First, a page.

Flappers and 1920s

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In the history of fashion in America, the 1920s introduced an important term which referred to a 'new breed' of young women who dressed in short skirts, bobbed their hair, listened to jazz, and were prepared to show off their contempt for aspects resulting in the unacceptable behavior by the standards of the period.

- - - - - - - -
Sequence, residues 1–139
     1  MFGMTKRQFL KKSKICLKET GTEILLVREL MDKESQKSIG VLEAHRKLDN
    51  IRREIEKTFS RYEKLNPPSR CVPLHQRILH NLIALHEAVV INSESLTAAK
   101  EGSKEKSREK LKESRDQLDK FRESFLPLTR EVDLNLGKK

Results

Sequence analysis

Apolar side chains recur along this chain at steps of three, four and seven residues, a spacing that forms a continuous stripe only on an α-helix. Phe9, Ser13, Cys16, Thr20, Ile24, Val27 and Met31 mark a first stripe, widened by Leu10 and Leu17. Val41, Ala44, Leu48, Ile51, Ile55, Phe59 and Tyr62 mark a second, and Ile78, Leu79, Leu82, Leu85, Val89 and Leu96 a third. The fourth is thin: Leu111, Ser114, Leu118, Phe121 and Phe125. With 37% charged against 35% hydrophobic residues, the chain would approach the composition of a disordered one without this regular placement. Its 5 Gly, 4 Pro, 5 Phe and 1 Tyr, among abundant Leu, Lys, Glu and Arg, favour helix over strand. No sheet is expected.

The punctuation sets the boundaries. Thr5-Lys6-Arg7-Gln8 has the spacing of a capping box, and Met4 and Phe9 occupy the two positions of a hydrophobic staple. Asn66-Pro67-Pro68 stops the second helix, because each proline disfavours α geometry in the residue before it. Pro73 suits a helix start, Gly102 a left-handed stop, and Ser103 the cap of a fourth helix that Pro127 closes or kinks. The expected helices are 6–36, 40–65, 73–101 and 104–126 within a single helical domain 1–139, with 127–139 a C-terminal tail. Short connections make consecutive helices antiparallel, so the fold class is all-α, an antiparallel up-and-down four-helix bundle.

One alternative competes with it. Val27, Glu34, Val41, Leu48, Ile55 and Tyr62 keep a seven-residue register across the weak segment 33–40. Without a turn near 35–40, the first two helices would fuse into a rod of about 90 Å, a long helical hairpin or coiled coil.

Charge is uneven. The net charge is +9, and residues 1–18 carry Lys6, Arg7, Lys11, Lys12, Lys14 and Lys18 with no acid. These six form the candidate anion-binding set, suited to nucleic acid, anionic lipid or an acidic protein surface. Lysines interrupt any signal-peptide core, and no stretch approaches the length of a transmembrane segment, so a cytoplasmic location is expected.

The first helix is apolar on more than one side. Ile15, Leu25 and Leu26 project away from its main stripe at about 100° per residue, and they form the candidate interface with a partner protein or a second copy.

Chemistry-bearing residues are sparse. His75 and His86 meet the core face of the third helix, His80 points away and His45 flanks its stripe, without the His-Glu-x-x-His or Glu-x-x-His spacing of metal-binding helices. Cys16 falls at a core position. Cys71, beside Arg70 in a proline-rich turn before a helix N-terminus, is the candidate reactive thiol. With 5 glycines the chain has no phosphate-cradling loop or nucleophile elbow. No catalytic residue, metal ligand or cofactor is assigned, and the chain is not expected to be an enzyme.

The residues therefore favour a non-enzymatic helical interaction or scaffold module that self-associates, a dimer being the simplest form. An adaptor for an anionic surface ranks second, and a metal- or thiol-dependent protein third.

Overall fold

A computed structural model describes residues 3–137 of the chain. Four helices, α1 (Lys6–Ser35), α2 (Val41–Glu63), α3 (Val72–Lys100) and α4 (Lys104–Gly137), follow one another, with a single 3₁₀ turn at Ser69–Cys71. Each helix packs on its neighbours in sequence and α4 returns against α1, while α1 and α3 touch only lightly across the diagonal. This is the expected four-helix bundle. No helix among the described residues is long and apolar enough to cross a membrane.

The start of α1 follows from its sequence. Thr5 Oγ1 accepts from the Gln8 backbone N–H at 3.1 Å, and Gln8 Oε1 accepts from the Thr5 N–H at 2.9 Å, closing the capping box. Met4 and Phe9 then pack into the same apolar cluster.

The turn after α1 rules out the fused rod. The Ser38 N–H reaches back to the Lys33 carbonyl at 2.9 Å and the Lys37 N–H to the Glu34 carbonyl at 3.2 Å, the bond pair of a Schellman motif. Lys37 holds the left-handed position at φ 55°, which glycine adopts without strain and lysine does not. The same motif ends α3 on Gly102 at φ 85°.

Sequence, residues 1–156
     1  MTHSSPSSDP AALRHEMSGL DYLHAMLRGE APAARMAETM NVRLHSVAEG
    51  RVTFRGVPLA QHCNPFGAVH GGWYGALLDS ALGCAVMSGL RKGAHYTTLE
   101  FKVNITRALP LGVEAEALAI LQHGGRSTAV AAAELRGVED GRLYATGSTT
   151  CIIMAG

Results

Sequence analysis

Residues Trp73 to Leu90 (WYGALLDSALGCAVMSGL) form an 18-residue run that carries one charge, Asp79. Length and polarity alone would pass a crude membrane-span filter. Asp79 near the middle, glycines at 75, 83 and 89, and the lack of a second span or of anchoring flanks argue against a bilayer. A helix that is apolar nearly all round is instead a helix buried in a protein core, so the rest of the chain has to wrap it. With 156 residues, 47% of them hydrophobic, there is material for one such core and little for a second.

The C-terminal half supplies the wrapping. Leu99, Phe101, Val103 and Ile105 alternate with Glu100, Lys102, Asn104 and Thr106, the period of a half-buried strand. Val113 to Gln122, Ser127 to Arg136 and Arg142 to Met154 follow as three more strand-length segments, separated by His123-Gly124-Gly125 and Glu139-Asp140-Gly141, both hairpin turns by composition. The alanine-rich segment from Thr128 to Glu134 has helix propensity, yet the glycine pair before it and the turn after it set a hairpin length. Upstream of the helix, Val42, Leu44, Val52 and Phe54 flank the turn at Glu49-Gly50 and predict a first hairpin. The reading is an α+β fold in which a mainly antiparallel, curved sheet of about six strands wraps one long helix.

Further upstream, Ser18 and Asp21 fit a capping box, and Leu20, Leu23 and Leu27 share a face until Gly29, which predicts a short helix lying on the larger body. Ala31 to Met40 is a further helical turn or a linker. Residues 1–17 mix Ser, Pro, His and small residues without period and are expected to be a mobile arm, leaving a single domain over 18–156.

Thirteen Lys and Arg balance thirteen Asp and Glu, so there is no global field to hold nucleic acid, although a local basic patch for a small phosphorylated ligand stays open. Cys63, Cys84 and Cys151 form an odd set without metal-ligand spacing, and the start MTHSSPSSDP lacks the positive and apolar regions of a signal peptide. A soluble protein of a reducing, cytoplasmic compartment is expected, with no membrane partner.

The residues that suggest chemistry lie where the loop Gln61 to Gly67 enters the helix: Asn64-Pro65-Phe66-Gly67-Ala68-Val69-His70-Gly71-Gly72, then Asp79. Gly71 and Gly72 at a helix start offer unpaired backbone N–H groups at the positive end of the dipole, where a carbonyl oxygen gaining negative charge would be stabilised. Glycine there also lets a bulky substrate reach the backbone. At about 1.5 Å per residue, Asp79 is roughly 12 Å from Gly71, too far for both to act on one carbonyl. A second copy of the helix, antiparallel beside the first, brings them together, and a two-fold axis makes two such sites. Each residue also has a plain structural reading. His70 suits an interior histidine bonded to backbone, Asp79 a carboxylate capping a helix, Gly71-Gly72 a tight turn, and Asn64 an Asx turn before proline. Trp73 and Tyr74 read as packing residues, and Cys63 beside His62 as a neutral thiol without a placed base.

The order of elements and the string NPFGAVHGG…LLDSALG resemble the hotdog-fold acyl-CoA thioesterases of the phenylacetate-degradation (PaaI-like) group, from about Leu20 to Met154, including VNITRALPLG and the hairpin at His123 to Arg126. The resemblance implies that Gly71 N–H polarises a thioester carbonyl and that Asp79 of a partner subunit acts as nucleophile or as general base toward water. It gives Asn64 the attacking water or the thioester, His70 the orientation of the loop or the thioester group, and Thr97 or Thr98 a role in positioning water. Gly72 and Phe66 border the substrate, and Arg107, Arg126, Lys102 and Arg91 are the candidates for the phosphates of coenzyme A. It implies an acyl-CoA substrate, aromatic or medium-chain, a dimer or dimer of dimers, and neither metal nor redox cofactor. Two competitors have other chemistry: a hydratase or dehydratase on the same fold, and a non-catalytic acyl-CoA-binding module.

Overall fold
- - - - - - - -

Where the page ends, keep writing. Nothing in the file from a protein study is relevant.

"Flapper culture set American society abuzz in the 1920s, jazz was becoming the musical craze of young people, hemlines were rising in girl's skirts in length, and in the backseats of automobiles. Modern society was emerging in the speech, fashions, and actions of young girls all over the country. The motion picture industry became an obsession for young men and women who dreamed of gracing the big screen and a luxurious life in Hollywood, or on Broadway." (Flapper Culture: Fashion and the Rise of Hollywood's Leading Lady) Therefore, it is important to realize that in 1920 flappers took the world of fashion by storm and the most important repercussions of the new culture was evident in the Hollywood film industry. Significantly, celebrity was becoming a buzzword during the period and women were discovering what life was 'really like'. In Hollywood fashion, Colleen Moore, the star of Hollywood's first big flapper hit movie Flaming Youth, became a high profile celebrity flapper and Mary Pickford, Clara Bow, and the flapper queen, Louise Brooks followed Moore's footsteps. An explanation, an analysis, and an evaluation of Flappers in the 1920s help us realize how women fashion was influenced by Hollywood and how it relates to the present day.
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